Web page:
What is the phasor and element circuit relationship? In the previous post, we have learned how to write a current or voltage in the frequency or phasor domain.

After understand how to convert the current or voltage in time domain to frequency domain or vice versa, now we will learn how to implement it to circuits consisting of elements *R, L*, and *C*.

*Make sure to read what is ac circuit first.*

## Phasor and Element Circuit Relationship

What we need to do first is to convert the voltage-current relationship from the time domain to the frequency domain for every element.

Passive sign convention will still be used in this process. For a starter, we will use the resistor. Assume the current flowing through a resistor *R* is *i* = *I _{m}* cos(

*ωt*+ ∅), then the voltage across it with Ohm’s law is

(1) |

Its phasor form of the voltage is

(2) |

But the phasor representation of the current is **I** = *I _{m}*∠∅. Thus,

(3) |

it shows us that the voltage-current relationship for a resistor in the phasor domain continues to be Ohm’s law, as in the time domain. Figure.(1) draws the voltage-current relationship of a resistor.

Figure 1. Relationship of voltage-current for a resistor in the : (a) time domain, (b) frequency domain |

We should notice from Equation.(3) that the voltage and current are in phase, as drawn in the phasor diagram of Figure.(2).

Figure 2. Phasor diagram for the resistor |

Now we try with inductor *L*, assume the current through it is *i* = *I _{m}* cos(

*ωt*+ ∅). The voltage across the inductor is

(4) |

Remember from the previous post about sinusoidal, that -sin A = cos(A + 90^{o}). We can rewrite the voltage as

(7) |

showing that the voltage has a magnitude of *ω**L**I _{m}* and a phase of ∅ + 90

^{o}. The voltage and current are 90

^{o}out of phase.

Specifically, the current lags the voltage by 90^{o}. Figure.(3) draws the voltage-current relations for the inductor and the Figure.(4) draws the phasor diagram.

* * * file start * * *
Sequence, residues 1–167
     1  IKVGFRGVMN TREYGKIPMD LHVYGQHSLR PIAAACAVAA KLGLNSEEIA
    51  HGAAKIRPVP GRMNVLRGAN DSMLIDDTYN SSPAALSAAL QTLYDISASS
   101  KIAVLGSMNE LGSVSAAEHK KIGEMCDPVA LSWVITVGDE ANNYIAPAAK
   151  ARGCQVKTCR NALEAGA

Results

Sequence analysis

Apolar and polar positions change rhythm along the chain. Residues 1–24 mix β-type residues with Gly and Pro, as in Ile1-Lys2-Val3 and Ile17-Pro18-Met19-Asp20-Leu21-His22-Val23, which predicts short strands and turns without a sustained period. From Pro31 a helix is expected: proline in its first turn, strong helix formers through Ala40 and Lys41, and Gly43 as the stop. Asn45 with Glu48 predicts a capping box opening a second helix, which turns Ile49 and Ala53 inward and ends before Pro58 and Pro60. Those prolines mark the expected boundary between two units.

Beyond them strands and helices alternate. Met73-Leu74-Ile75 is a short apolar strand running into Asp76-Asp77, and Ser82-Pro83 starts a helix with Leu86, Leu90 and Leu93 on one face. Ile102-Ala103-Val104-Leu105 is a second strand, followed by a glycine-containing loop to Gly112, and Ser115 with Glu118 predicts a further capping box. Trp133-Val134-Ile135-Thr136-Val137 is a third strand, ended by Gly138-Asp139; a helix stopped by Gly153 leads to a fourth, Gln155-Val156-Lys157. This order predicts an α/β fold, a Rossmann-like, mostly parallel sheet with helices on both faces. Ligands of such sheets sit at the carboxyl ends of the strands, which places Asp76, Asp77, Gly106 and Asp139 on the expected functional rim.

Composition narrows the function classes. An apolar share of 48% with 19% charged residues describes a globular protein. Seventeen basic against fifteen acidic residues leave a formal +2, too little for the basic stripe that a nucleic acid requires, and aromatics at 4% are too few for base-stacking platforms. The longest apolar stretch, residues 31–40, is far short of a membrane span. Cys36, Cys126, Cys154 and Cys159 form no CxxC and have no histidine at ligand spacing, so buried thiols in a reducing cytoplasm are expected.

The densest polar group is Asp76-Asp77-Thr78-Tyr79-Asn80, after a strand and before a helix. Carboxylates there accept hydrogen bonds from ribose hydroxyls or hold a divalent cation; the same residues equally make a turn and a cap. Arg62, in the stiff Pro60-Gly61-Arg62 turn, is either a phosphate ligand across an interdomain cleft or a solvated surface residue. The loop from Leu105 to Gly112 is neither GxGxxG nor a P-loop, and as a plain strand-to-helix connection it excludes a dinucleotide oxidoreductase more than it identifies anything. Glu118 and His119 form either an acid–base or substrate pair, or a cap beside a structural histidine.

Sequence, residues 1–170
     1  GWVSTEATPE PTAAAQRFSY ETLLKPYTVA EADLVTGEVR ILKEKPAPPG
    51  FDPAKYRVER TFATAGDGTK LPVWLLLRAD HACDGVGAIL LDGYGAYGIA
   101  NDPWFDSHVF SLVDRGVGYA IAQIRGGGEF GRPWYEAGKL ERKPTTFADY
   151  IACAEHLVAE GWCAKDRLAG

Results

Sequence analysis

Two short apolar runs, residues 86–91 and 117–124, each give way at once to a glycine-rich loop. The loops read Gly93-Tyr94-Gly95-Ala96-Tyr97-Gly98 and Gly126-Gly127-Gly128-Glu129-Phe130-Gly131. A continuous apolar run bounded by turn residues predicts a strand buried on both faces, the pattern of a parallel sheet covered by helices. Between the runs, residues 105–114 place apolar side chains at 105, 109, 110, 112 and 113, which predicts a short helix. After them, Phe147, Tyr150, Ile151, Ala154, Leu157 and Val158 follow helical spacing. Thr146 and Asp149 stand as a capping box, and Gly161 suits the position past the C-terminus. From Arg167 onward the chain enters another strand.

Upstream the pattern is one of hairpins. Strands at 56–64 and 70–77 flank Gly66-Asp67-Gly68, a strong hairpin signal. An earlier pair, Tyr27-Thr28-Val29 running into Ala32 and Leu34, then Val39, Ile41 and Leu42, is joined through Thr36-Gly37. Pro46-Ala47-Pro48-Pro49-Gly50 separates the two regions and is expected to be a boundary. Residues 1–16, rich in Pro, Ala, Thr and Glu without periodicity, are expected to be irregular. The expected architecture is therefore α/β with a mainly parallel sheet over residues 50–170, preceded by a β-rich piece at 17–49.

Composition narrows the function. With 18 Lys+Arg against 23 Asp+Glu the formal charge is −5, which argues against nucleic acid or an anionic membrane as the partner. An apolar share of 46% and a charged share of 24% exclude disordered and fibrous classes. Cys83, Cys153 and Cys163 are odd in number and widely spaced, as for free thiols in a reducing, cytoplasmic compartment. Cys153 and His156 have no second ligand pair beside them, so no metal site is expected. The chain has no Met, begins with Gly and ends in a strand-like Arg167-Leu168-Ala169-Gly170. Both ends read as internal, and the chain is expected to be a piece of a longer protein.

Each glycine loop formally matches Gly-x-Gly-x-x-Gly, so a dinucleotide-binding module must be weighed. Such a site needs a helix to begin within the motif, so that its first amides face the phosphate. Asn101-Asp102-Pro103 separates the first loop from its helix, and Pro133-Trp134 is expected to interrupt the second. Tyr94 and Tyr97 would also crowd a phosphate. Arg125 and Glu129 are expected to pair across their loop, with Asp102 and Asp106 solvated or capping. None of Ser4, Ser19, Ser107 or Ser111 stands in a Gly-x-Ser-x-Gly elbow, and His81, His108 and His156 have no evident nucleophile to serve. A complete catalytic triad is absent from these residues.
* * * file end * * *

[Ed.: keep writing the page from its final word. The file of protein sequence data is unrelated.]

Figure 3. Relationship of voltage-current for an inductor in the : (a) time domain, (b) frequency domain |

Figure 4. Phasor diagram for the inductor; I lags V |

Move on to capacitor C, assume the voltage across it is *v* = *V _{m}* cos(

*ωt*+ ∅). Its flowing current through the capacitor is

(8) |

Using the previous steps, we apply the transformation of derivative *v(t)* to the phasor domain as *jω V* as in here (Equation.15) and Equation.(8) above to obtain

(9) |

and shows us that the current and voltage are 90^{o} out of phase. To be more precise, the current leads the voltage by 90^{o}.

Figure 5. Relationship of voltage-current for a capacitor in the: (a) time domain, (b) frequency domain |

From Figure.(5) we notice the relationship of voltage-current for a capacitor.

Figure 6. Phasor diagram for the capacitor ; I leads V |

Figure.(6) shows the phasor diagram of the capacitor. Table.(1) gives a brief summary of the time domain and phasor domain representative of the circuit elements.

Table 1 |

## Phasor Relationship for Circuit Elements Example

For a better understanding let us review the example below :

**1. Voltage v = 12 cos(60t + 45^{o}) is applied to an inductor with 0.1 H. Find the steady-state current through the inductor.**

Solution :

For the inductor, **V** = *j**ω**L***I**, where *ω* = 60 rad/s and **V** = 12∠45^{o} V. Thus,

Let us convert the result above and we get the time domain form,

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